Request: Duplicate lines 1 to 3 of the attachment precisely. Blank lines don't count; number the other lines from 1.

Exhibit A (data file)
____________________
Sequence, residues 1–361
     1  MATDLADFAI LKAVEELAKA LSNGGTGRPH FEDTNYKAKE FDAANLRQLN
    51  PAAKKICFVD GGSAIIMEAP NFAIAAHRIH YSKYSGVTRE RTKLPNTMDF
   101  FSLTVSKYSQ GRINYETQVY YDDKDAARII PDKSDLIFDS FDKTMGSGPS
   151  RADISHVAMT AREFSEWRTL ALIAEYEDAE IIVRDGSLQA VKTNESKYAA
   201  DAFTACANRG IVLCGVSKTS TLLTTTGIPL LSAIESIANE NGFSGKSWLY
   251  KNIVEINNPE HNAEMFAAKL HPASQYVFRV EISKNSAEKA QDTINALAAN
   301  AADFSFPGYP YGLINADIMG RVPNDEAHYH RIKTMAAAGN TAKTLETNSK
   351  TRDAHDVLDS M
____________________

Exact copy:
Sequence, residues 1–361
     1  MATDLADFAI LKAVEELAKA LSNGGTGRPH FEDTNYKAKE FDAANLRQLN
    51  PAAKKICFVD GGSAIIMEAP NFAIAAHRIH YSKYSGVTRE RTKLPNTMDF